Okay. Lot's of research, long story, found the answer, don't like it.
- Overall design of the Nissan B13: one of the things that always impressed me about this vehicle is that it seems to have been designed with the DIY home mechanic in mind. Components are accessible and tasks can typically be accomplished using only 2 different wrench sizes, and maybe a screwdriver and pliers. When I got under there to flush the tranny, I found a drain plug for the tranny.
- Tranny filter vs tranny screen: What? Yes. Some trannies have a filter that you replace when you change the fluid, other trannies have a screen (metal mesh) that you clean when you change the fluid. Filters are usually clipped on, screens are usually bolted on. This RL04F03A tranny has a screen.
- Other people found nuts in their tranny pan: this post from a Miata forum talks about their tranny having a few bolts holding the screen onto the valve body via some threaded holes, but there's this 1 bolt that goes through the valve body and can only be tightened by a nut on the upper side of the valve body. It's just not feasible to get a finger in there to get the bolt started into the nut, you need to remove the valve body.
- But that's a Miata! This is a Nissan! Well, I was a bit surprised to find so many dadgum bolts holding a flimsy little filter-looking thing that turned out to be a screen. I went at it and removed the bolts, and, half way around, started noticing the bolts weren't all the same. Great. Just GREAT. There were 8 long ones, 2 short ones and 2 medium ones. The 2 medium ones flanked one of the short ones and the other short one is on the opposite side, I figured I could remember all that. Besides, it was too late to do the cardboard thing as most of the bolts were out. When it was time to reassemble, it turned out there were 2 kinds of long ones, 7 with threads all the way up, and 1 with threads near the end only. Aw crap. That's the one that needs the nut.
- Really? You need to remove the valve body? Well, if you want to take the screen off and put it back on, yes you should remove the valve body. Because of the risk of introducing dust, dirt and other particulates into the transmission by removing the valve body, many sources recommend leaving the screen in place and just changing the fluid. That's why there's a drain plug.
- Great. So how did the nut come lose and what do you do about it? Well, if you don't know there's a nut up there, you won't go looking for it. That last bolt, the one that needs the nut, won't thread tight, but you may not notice, since it goes through so much metal before getting to the other side and there's still plenty of tranny fluid dripping down the hole to make a "fluid lock" and make the bolt seem a bit tight. Fire up the car and the fluid will swish (that's a technical term) that nut around until the magnets grab it. That's what magnets are in the tranny pan for (metal shavings and things that come loose). That nut has been in there since the very first time the car was started up after the last tranny service. The tranny's been performing fine, it didn't miss that nut or it's associated bolt not being threaded in tight, it won't miss it going forward.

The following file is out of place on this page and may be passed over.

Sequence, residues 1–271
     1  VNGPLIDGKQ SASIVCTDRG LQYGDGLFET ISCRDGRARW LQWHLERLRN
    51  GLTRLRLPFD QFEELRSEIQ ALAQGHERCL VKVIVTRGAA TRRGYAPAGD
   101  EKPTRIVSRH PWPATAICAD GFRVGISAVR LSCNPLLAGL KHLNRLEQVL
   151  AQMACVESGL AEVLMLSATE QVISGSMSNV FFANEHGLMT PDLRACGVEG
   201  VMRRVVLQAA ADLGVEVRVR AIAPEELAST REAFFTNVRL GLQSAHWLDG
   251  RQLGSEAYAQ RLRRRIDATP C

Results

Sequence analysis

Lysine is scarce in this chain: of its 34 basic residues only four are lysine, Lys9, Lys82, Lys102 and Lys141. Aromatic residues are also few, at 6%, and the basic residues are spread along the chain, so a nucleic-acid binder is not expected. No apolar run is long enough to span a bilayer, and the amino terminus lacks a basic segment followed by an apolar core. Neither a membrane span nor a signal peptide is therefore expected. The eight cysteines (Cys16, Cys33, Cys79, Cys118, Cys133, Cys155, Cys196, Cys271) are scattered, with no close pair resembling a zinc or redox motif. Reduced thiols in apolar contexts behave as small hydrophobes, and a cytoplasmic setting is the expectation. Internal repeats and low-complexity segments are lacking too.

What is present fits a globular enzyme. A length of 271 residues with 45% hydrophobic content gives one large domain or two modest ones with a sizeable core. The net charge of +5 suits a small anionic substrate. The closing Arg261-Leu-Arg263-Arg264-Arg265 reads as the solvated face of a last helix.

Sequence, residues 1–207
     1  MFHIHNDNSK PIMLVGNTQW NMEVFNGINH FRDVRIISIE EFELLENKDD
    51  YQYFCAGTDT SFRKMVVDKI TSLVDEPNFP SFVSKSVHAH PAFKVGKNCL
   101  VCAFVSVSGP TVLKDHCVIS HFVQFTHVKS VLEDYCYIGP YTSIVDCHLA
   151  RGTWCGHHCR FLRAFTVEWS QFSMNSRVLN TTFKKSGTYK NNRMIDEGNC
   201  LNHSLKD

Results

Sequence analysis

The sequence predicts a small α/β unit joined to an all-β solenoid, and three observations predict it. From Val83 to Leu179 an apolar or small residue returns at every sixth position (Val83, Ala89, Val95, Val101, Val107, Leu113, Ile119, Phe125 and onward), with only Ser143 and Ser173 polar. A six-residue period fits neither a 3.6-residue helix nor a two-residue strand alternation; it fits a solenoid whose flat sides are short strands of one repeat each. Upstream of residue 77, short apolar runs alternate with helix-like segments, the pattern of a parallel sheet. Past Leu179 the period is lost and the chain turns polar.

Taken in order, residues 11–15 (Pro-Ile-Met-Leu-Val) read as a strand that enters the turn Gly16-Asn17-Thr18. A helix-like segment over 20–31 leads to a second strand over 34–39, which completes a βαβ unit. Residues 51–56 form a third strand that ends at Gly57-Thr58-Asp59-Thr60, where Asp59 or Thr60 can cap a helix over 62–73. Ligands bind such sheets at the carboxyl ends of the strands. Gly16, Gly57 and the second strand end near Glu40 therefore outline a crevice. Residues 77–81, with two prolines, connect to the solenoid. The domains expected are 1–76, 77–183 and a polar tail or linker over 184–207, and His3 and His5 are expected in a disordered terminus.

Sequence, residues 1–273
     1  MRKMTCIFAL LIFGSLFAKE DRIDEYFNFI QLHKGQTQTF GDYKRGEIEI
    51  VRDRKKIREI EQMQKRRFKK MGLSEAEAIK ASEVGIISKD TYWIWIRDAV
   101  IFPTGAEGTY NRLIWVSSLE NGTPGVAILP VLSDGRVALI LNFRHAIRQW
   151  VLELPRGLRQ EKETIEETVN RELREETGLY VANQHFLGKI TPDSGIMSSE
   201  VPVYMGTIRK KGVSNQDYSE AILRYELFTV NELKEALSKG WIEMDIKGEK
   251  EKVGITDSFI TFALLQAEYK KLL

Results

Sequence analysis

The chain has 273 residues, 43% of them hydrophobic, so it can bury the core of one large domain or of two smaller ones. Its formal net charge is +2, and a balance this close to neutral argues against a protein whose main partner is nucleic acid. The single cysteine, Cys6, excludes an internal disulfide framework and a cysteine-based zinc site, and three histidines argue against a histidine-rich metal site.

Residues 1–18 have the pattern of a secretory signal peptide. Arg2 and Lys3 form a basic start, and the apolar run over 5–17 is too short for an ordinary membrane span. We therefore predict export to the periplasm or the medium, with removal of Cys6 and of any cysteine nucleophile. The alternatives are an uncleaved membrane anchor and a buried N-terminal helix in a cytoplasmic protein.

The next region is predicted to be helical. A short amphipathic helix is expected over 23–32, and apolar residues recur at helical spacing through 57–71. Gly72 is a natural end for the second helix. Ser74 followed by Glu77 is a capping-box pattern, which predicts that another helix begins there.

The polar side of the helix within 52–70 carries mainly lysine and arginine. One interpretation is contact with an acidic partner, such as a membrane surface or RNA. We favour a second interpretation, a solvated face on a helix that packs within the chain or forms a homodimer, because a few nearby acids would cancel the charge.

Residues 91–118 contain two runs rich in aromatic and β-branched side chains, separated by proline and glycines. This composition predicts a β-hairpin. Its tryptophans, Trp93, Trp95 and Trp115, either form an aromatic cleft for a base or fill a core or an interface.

Long story short. On this tranny, don't even bother taking the pan off. Drain the fluid using the drain plug, then refill. I always wondered why my fancier other vehicles don't have a tranny drain plug. It's because they have filters, they WANT you to take the pan off so you may as well change the filter because it's just there. I don't want to generalize, but I would expect vehicles with a screen (not a filter) would have a tranny drain plug to discourage you from getting your dirty little fingers in there when you don't really need to.
And just for posterity, I'll link to 2 YouTube videos I've found about people tearing down this specific tranny. Not a single nut to be found, and the screen was installed off camera while the valve body was out of sight. Don't you just love it when you find a video with a long enough runtime to make you think it's complete, detailed and exhaustive only to find it skips right over the part you really need?
1997 Nissan Primeria SR20DE with RL04F03A
1997 Nissan Sentra GA16DE with RL04F03A